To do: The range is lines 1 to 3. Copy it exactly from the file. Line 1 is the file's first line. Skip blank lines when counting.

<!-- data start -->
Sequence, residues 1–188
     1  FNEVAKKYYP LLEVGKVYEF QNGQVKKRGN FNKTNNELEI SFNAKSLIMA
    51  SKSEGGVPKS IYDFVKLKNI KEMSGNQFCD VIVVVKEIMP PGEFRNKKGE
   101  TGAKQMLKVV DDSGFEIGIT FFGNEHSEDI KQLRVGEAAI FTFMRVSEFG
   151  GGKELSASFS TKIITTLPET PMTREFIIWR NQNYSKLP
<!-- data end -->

Sequence, residues 1–188
     1  FNEVAKKYYP LLEVGKVYEF QNGQVKKRGN FNKTNNELEI SFNAKSLIMA
    51  SKSEGGVPKS IYDFVKLKNI KEMSGNQFCD VIVVVKEIMP PGEFRNKKGE